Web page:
This year I went for Swansea, Hull and Watford to go down. No one likes being right about predicting an unhappy season for a club, but two out of three looks very likely to go. I expected Sunderland to struggle, but it's been tougher for them than I thought it might be. I still think they've got enough to sqeak clear again, but they're trying their best to make a mess of it. I still think there's a really good chance Watford will fall into trouble. You can't keep beating the 'system' as they do. Eventually it catches up with you.

That's why I thought Swansea would struggle as well. Huw Jenkins got a little bit too clever for his own good there. Yes, he did a brilliant job backing the right people to propel the club from where he found it all the way to Wembley and the Premier League, but that's the point, he 'backed' the 'right people'. I think Mr Jenkins started believing too much in all the good publicity he was getting and somehow convinced himself he was the reason for Swansea's success. He wasn't - and a couple of dreadful appointments have caught him out.

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Transparency and accuracy?

Published: Monday, 19 December 2016

Shoma Doi. Make a note of his name. He went down in history this past week. Any idea how or why?  Let me help you.

Shoma Doi of the Kashima Antlers.  On the face of it he didn't do too much special, he simply scored a penalty for his team on Wednesday December 14 2016 at the FIFA Club World Cup.  What made it special is that his was the first penalty to be awarded by a Video Assistant Referee (VAR) in the Suita City football stadium, Osaka.

Everybody involved in the tournament was quite pleased with themselves. Gianni Infantino was of the opinion that the historic decision ushered in a new era of 'transparency and accuracy' for football.

Dutch official Danny Makkelie, who took charge of the Hawk-eye technology for two games at the tournament, said 'it's been fantastic to go live at a FIFA tournament after a lot of practice over the last year'. Makkelie was referring to his time working as a VAR in the Dutch Cup, where they've been experimenting over the past 12 months. We've discussed all this dozens of times on beINSports Keys & Gray.

FIFA's Head of Refereeing, Massimo Busacca, added 'The main point of the technology is that no-one loses because of a refereeing mistake'. Really? Ask the Kashima Antlers about that. I think they'd vehemently disagree after their experience in the final of the CWC v Real Madrid. I'll come back to that.

So a lot of self congratulation - but let me add a few facts that might get you thinking. Do you know how long it took between the offence that was spotted by the VAR in the Antlers match and Doi's kick to score it? The answer is five and a half minutes! Play carried on for two and a half minutes  before the ref, Hungarian Viktor Kassai stopped to consult his VAR - took advice, wondered over to a replay machine situated on the side of the pitch, looked again at something neither he nor his assistant originally thought was a pen, and then awarded the kick. The rest of the time was taken up by fierce protests from the opposition, Atletico Nacional. The score at the time, incidentally, was 0-0 and 33 minutes had been played. It was a farce. An absolute farce.

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Bravo Claudio

Published: Monday, 05 December 2016

I wonder when Pep Guardiola is gong to realise he made a dreadful mistake when he signed Claudio Bravo? We know Guardiola is a stubborn man. We know also that he has an unshakable belief in what he does, but he dropped a b*****k when he signed Bravo. He simply isn't good enough to keep goal for a team with City's ambitions.

You see, that's the key for me - 'keep goal'. Isn't that a 'goalkeepers' primary function? I can't remember another keeper ever because being signed because 'he's good with his feet'. I haven't seen much evidence that Bravo is, but that's another matter.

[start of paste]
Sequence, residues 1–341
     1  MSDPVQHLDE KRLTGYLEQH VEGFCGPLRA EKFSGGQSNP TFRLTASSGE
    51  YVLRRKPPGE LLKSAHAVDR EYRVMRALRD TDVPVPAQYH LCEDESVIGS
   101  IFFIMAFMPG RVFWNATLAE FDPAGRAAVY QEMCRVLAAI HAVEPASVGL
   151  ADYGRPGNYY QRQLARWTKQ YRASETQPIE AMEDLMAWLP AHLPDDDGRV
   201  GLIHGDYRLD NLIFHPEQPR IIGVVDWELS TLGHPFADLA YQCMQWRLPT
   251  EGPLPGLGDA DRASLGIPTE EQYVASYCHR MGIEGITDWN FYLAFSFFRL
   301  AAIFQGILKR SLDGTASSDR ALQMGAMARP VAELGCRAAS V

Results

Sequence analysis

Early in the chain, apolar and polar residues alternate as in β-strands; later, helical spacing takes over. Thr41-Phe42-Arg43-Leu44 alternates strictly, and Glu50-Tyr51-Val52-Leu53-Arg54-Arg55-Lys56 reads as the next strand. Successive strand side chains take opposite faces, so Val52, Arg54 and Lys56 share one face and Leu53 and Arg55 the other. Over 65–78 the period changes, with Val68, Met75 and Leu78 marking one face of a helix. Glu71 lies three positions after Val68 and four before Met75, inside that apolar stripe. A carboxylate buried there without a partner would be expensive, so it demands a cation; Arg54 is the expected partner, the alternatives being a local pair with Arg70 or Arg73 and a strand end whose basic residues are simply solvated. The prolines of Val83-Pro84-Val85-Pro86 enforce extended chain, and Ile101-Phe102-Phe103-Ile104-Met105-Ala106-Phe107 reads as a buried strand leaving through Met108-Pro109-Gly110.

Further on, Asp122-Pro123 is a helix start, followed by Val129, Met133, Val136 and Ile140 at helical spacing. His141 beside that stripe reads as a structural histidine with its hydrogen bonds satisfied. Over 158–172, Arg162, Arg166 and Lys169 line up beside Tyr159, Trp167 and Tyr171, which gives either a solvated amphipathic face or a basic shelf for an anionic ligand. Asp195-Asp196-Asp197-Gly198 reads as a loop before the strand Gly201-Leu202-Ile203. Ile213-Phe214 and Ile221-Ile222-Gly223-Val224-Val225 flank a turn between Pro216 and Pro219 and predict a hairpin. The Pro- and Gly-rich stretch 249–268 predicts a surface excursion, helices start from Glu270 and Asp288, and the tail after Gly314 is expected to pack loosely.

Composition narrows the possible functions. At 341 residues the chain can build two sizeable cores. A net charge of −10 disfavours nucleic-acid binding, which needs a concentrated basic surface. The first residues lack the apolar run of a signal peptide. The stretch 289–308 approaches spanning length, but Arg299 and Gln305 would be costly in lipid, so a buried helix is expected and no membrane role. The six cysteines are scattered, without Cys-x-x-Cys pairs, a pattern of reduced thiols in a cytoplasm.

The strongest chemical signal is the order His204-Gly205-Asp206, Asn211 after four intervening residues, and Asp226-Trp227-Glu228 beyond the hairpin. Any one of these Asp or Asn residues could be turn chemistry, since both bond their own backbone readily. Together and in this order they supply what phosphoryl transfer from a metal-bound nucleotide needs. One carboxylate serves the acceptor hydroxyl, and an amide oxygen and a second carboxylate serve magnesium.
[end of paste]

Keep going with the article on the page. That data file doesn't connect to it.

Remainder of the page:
What I have seen is one blunder after another. I've seen an 'ordinary' goalkeeper not as good as the man he replaced.

I know I've previously said that it was no surprise to me that Guardiola wanted Joe Hart out. So did Mancini and I don't believe Pellegrini was ever that convinced Hart either.

He was a big presence in the dressing room and that's why I believe Guardiola had made his mind up to move him out even before he got to the club. He'd had that problem before, with Messi, and he wasn't about to let it happen again.

But to replace him with Bravo? I just don't understand.

Bravo announced himself to City fans by gift wrapping a present for Ibra in the derby. He's gone on to make one error after another and if we're honest, he was hopeless again at the weekend. What exactly was he trying to do as Willian scored Chelsea's 2nd?

In stark contrast I watched David de Gea rescue a point for United at Goodison - at least that's how it turned out. At 1-0 down he pulled off a stunning save from Kevin Mirallas - ironically with his feet! Baines pen meant United had to settle for a point, so that save became even more important.

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Smile Jose

Published: Monday, 28 November 2016

Would the real Jose Mourinho please stand up - and smile? Charm us. again. Captivate audiences again. Convince us again. Make us believe again.

I just don't understand what's happened to Mourinho. He's got the job he always coveted. What a wonderful job it is too. Ok, he's not off to the start he wanted, but there really is no need for the tantrums. There's no need either for the miserable face - or the constant smiling and moaning.

United aren't the 'unluckiest' team in the PL as Mourinho would have us believe. They're simply not very good right now - and that's his fault. I think United fans have been more than patient with him so far.  And why not? We're only 13 games into the season. Turning a juggernaut around takes time. The horrible truth for United fans is that your team has been in decline now for 5 years - yes, that process started when Fergie was in charge and he did nothing about it. Well, nothing? Not quite - he signed Robin van Persie, a 29 year old, on whom there was no return beyond his first season, when single handedly he won an 'ordinary' United the title. Fergie knew that - he got out - and still the fall and fall goes on.